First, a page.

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Tuesday, September 16, 2014

John Crawford: Police Kill Wal-Mart Shopper Holding Air Rifle

     After graduating from high school in 2008, 18-year-old John Crawford III joined the U.S. Marines. He was discharged shortly after he signed up when military doctors discovered that he suffered from a heart condition.

     In 2014, Crawford resided in Beavercreek, Ohio, a suburban community outside of Dayton in the western part of the state. On Tuesday evening August 5, 2014, the 23-year-old, his girlfriend Tasha Thomas, and his two children from a previous relationship, were shopping at the local Wal-Mart to purchase, among other things, the ingredients to make S'mores for an upcoming family cookout.

     The trouble began as Crawford stood in the sporting section of the store examining a Crossman MK-77 BB/pellet air rifle. A couple of Wal-Mart shoppers saw Crawford holding the air gun in his left hand and called 911. One of the callers, Ronald Ritchie, reported that a man in the store had pointed the gun at two children and was trying to load the weapon.

     When approached by two Beavercreek police officers at 8:26 PM Crawford stood in an aisle away from the sporting section. He was accompanied by his children and on his cellphone talking to their mother, LeeCee Johnson. LeeCee heard Crawford inform the officers that the gun was not real.

     The police officers ordered Crawford to release the weapon and drop to the floor. As he turned toward them they shot him twice. His children looked on in horror as their father sank to the floor with two bullets in his body.

     A few hours later, John Crawford died at a nearby hospital.

     In the panic and confusion immediately following the in-store shooting, Angela Williams, a 37-year-old nursery home worker with a heart condition, collapsed as she scrambled from the violence. Later that night she went into cardiac arrest and died.

     A few days after the fatal police-involved shooting, Beavercreek Police Chief Dennis Evers told reporters that the officers fired their guns when Crawford failed to obey their command to drop the air rifle.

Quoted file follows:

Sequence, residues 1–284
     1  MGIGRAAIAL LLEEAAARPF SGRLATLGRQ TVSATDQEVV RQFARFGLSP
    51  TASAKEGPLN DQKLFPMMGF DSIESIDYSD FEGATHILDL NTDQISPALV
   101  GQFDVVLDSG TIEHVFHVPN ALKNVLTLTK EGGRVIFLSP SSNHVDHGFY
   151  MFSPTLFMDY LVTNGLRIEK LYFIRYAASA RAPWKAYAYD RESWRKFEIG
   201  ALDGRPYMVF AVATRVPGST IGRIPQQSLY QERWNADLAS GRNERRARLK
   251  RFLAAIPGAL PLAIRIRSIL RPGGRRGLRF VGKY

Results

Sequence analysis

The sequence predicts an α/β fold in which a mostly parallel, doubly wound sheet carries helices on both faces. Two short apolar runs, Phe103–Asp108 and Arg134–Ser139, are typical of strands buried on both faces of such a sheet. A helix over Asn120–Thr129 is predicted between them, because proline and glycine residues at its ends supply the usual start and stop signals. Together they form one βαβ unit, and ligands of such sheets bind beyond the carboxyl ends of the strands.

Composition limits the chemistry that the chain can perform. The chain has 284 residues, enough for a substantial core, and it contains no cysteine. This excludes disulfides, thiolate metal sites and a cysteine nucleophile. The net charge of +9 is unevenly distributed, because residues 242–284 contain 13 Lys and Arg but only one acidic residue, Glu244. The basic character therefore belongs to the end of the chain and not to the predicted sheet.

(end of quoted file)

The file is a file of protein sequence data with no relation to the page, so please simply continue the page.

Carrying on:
The Wal-Mart shopper had been shot by officer Sean Williams and Sergeant David Darkow. Both officers were placed on paid administrative leave.

     While the authorities refused to release surveillance camera footage of the shooting to the media, members of the Crawford family and their attorney Michael Wright viewed the video. According to the attorney, the Wal-Mart video revealed that the police officers did not give John Crawford the chance to comply with their orders before shooting him.

     In 2010, one of the Crawford shooters, office Sean Williams, shot and killed Scott Brogli, a retired master sergeant with the U.S. Air Force. According to officer Williams and his partner, Broglie had charged them with with a knife while the officers were investigating the 45-year-old's drunken beating of his wife. A local grand jury reviewed the case and decided not to bring charges against Williams.

     Two weeks after the Crawford shooting, Sergeant David Darkow went back on duty. Office Williams remained on leave.

     On September 7, 2014, The Guardian newspaper published a long article about the John Crawford shooting case. In that piece the reporter included quotes from 911 caller Ronald Ritchie who had changed a crucial component of his initial account of of the incident. "At no point," Ritchie said, "did he [Crawford] shoulder the rifle and point it at somebody." Instead, Ritchie said Crawford had merely waved the gun around.

     In his 911 call, Ritchie told the dispatcher that the man with the gun was trying to load it. The emergency dispatcher, in relaying this information to the responding officers, reported that the Wal-Mart man "just put bullets inside the gun." According to The Guardian, the air rifle was not loaded.

     The dead man's father, John Crawford II, having viewed the Wal-Mart surveillance footage, said this to The Guardian reporter: "You can clearly see people in the store walk past him, and they didn't think anything about it. Everybody was just kind of minding their own business. He wasn't acting in any type of way that would have been considered menacing. It was an execution, no doubt about it. It was flat-out murder. And when you see the surveillance camera footage, it will illustrate that."

     Attorney Wright, in discussing the autopsy report with The Guardian reporter, revealed that Dr. Robert Shott, the Montgomery County Deputy Coroner, told him that John Crawford had been hit in the back of his left arm just above the elbow. The second bullet entered the side of his torso left of his belly button. According to the attorney, the ballistics evidence supported the theory that when first shot, Mr. Crawford was not facing the officers.

     The police-involved shooting case is currently under investigation by the Ohio Attorney General's Office Bureau of Criminal Investigation. 

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